I too have a nice set of romex cable strippers (will strip wire too) and a nice automatic wire stripper. I forget which brand but they look like these. Saves a lot of time. I have a right angle pair of needle nose that come in handy.
http://www.licensedelectrician.com/S...45-621_500.jpg
http://www.toolspotting.net/images/wirestripper.jpg

Termite 01-26-2010 09:43 PM

These Klein 90 degree strippers are made to remove the jacket from romex that's already in the box. Note the bent nose. It only cuts the jacket. I have some...Don't use them all that often but when I need them they're awesome. Home Depot item around here as I recall.

They make one for 12/2 and one for 14/2...They're not interchangeable.
http://base0.googlehosted.com/base_m...cddf127c&hl=en

HooKooDooKu 01-26-2010 10:33 PM

Quote:

Originally Posted by thekctermite (Post 389729)
These Klein 90 degree strippers are made to remove the jacket from romex that's already in the box. Note the bent nose. It only cuts the jacket. I have some...Don't use them all that often but when I need them they're awesome. Home Depot item around here as I recall.

They make one for 12/2 and one for 14/2...They're not interchangeable.
http://base0.googlehosted.com/base_m...cddf127c&hl=en

Cool tool, I'll have to go look for some.

Stinks that I'd need to get two sets though.

I'm about to finish in a basement, and while all the new circuits will be 20amp, I've got to modify the current 15amp basement circuit. The orignial build used the basement circuit to power all outdoor outlets, ground level outdoor lights, one set of lights covering the whole basement on one 3-way switch, the garage door openers, and a few GFCI protected outlets spread around the basement.

Scuba_Dave 01-27-2010 06:41 AM

The straight stripper that Sdester posted has both 12-2 & 14-2 on the same tool
You need (2) of the bent nose due to the bend

Jim Port 01-27-2010 07:23 AM

If you use the yellow tool posted by SD you can cut the sheath and then insert the cable in the box. After you get enough sheath in the box you just pull the cut sheath off.

If you use a knife to slit the sheath while it is in the box you can use a pair of diagonal cutters to cut the extra sheath.

HooKooDooKu 01-27-2010 08:11 AM

I like the idea of the bent nose because of the ease of stripping the sheath after it's in the box.

I'll have to remember the dikes idea as well. Seems a lot safer than inserting an exacto knife. After all, from experience, it seems like all you need is the start of a cross cut in the sheath for it to easily rip off (as opposed to just streatching).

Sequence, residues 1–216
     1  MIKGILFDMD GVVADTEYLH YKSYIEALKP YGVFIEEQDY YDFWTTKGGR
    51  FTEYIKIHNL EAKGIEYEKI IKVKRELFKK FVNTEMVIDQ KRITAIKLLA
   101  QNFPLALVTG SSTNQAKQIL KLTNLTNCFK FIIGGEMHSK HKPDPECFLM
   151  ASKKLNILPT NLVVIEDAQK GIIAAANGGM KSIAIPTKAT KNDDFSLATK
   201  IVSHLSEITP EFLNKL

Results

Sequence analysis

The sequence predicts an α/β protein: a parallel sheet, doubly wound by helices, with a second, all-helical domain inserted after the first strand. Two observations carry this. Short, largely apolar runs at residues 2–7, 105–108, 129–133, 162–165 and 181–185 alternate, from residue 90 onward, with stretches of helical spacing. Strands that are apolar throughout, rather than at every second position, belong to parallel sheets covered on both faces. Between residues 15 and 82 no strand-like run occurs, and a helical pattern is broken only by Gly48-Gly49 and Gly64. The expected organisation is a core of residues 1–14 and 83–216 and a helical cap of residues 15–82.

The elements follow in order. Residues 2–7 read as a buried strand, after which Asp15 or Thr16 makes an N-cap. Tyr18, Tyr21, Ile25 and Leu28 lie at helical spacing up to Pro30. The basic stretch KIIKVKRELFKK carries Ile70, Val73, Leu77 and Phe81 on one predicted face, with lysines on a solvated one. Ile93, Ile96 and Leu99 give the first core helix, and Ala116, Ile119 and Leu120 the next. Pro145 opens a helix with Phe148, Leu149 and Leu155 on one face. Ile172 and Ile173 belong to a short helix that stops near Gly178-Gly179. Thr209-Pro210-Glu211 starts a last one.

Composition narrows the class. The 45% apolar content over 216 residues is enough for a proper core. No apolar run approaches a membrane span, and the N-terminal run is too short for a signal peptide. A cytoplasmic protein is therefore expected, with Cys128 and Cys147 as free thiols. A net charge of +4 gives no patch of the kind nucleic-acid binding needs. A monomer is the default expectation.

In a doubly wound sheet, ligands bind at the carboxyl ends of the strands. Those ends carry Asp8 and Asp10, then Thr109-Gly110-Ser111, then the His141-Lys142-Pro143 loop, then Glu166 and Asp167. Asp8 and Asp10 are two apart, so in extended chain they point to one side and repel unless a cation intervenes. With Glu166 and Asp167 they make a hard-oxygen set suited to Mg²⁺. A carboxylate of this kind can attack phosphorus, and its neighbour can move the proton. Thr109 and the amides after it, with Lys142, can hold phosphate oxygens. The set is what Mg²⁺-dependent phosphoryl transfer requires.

J. V. 01-27-2010 10:58 AM

1 Attachment(s)
Quote:

Originally Posted by sdsester (Post 389580)
I too have a nice set of romex cable strippers (will strip wire too) and a nice automatic wire stripper. I forget which brand but they look like these. Saves a lot of time. I have a right angle pair of needle nose that come in handy.
http://www.licensedelectrician.com/S...45-621_500.jpg
http://www.toolspotting.net/images/wirestripper.jpg

I use the old fashioned type Romex strippers. They seem to work the best and cost about $2.00.

Jim Port 01-27-2010 12:00 PM

Quote:

Originally Posted by J. V. (Post 390015)
I use the old fashioned type Romex strippers. They seem to work the best and cost about $2.00.

Once you try the NM stripper posted by SD I doubt that you will go back. With the other tool it is just one quick squeeze and you are done. No need to run the entire length of the end you want to strip back.

HooKooDooKu 01-27-2010 12:39 PM

Quote:

Originally Posted by J. V. (Post 390015)
I use the old fashioned type Romex strippers. They seem to work the best and cost about $2.00.

I bought one of those old fashioned strippers and did NOT like it. It is not very sharp and therefore does more to tear the sheath than cut it.

So far, I've replaced that with a similar tool that uses a sharpened blade. It's splitting the sheath real well... no problem "openning" the sheath. But that still leaves me with my original question, how to make a lateral cut in the sheath to remove it. If you only split it with a tool like this, when you pull on the sheath to remove it, it tends to streatch. But if you do somthing to at least start a lateral cut, the sheath rips open starting at the cut pretty well.